The Wrigley Building, designed by Graham, Anderson, Probst & White, is one of downtown Chicago’s most recognized architectural icons, dating to the 1920s. Following the sale of the property in 2011, new ownership sought to renovate the building, retaining its name and restoring its historic integrity while positioning it to serve a new mix of 21st century tenants. The most historically sensitive work focused on the building’s exterior, lobbies and plaza, while floors above were completely renovated to serve new office users.
One of the more significant efforts was the removal of the screen wall, which also involved structural reframing and terra cotta restoration, between the two towers at the ground level. The 1920s plan for the building had anticipated an upper-level street that would run between the towers. Although this street was never built, the removal of the glazed screen and the 1950s connecting walkways accomplished the 1920s vision of creating an open passage and plaza.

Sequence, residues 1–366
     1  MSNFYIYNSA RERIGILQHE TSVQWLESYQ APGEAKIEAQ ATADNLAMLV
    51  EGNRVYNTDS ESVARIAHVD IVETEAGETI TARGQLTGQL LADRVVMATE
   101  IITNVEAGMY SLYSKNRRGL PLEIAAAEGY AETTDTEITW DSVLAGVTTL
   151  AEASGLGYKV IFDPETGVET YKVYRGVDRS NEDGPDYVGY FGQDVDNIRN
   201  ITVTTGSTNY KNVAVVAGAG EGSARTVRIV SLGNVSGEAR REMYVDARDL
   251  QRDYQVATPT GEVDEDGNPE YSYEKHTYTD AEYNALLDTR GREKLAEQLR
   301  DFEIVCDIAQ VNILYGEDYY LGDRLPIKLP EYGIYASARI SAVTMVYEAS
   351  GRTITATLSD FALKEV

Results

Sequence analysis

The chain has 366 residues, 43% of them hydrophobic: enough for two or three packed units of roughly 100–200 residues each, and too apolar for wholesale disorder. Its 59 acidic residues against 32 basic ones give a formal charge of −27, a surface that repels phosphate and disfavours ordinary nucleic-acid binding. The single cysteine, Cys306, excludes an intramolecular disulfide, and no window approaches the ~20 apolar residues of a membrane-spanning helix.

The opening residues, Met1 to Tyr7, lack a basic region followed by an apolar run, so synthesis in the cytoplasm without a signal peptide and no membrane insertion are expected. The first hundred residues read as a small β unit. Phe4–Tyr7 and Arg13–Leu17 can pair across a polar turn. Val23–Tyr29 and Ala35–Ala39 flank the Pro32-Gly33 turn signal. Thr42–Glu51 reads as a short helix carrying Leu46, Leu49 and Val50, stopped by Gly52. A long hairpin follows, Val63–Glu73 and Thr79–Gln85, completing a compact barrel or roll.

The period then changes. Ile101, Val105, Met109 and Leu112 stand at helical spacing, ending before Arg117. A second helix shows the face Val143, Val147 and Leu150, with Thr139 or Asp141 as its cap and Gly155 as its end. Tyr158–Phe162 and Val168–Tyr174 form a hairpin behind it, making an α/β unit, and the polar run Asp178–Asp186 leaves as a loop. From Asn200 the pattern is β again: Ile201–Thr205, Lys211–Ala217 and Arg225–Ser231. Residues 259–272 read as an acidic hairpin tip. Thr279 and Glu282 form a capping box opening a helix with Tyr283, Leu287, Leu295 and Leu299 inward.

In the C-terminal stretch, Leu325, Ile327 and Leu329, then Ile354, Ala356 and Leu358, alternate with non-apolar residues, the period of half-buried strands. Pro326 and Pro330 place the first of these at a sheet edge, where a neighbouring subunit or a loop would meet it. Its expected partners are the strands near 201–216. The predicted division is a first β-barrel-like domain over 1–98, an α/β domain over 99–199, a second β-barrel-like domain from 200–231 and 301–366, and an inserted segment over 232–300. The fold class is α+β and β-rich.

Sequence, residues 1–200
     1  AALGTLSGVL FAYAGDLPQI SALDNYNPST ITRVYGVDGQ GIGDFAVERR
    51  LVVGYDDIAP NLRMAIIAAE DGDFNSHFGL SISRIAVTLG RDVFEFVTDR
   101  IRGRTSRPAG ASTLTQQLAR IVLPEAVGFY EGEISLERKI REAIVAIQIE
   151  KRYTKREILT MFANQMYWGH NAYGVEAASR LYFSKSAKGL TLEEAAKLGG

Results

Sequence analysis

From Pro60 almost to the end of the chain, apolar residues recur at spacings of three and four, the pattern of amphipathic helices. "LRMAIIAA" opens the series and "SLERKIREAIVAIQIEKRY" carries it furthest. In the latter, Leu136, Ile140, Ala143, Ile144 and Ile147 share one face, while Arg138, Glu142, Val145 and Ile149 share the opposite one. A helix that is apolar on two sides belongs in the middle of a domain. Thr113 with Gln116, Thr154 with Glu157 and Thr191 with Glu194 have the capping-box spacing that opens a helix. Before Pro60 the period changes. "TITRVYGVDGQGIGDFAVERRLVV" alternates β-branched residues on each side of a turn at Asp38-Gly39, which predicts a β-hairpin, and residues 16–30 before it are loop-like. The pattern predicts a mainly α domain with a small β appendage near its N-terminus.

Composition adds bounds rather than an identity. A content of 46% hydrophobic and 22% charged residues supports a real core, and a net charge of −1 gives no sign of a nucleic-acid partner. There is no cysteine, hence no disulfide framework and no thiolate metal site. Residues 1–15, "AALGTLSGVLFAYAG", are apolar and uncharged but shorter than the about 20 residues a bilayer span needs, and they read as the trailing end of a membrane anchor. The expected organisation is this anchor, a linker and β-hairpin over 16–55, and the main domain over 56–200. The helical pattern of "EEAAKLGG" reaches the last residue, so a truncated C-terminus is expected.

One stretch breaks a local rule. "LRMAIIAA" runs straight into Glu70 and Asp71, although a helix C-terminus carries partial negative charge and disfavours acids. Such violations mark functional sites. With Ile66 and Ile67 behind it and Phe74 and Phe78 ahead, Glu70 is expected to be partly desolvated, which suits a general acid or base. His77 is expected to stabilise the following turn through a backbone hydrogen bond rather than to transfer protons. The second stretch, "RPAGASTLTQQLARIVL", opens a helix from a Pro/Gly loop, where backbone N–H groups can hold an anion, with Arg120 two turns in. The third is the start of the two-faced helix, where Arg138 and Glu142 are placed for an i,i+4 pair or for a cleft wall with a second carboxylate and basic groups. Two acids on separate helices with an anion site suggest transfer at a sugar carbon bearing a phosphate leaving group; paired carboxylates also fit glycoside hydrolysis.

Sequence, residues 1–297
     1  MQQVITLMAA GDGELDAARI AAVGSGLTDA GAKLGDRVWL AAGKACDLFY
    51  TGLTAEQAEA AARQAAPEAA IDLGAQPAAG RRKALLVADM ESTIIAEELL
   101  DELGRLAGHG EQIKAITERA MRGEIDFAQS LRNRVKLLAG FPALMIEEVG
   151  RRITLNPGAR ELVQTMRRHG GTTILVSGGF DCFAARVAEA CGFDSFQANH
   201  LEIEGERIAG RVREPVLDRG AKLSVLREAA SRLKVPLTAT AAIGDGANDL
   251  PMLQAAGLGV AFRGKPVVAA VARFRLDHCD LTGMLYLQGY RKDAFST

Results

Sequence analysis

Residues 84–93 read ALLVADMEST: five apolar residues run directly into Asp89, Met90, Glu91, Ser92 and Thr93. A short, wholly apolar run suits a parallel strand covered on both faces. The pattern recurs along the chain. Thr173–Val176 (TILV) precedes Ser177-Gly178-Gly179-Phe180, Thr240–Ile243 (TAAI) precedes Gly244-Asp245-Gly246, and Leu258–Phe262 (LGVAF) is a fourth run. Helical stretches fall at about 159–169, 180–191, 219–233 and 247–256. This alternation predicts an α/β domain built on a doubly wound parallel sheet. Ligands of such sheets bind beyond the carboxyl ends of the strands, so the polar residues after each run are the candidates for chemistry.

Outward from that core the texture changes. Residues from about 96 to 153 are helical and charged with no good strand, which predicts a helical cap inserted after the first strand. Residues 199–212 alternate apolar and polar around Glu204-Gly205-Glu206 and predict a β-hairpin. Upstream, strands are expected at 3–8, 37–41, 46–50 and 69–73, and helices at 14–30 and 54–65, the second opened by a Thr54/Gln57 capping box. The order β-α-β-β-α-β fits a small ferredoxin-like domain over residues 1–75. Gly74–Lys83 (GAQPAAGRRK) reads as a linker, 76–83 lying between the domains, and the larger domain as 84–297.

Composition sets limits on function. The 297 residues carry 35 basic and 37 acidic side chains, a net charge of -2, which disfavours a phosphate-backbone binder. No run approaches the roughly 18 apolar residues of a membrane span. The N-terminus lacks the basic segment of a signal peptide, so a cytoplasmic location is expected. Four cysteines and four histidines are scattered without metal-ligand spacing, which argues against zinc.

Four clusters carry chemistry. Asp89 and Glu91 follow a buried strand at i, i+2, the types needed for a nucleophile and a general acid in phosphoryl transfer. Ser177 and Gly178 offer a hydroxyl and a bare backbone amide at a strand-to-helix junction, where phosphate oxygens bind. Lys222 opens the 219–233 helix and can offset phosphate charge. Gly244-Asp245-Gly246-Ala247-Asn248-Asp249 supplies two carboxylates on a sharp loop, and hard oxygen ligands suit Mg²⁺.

Work on the plaza itself was extensive. The entire 1950s-era plaza was demolished down to structural steel. The area was rebuilt using new pavers in a consistent color and materials palette, and the historic bronze storefront was wrapped along both sides. The redeveloped plaza defines a distinguished, large open space that presents an inviting outdoor amenity for passersby and caters to prospective retailers and restaurants.
Inside the towers, major public areas were also renovated. In particular, within the building lobbies, low ceilings, remnants from historically lacking 1980s renovations, were removed and replaced with sympathetic interpretations of the original designs, restoring the original historic volumes and utilizing 1920s marble and mahogany. Historic corridors were largely retained, including marble walls and floors, as well as original doors. In addition, nearly all of the building’s windows—more than 2,000—were replaced, and MEP and life safety systems were either replaced or modernized to serve incoming tenants for many years to come.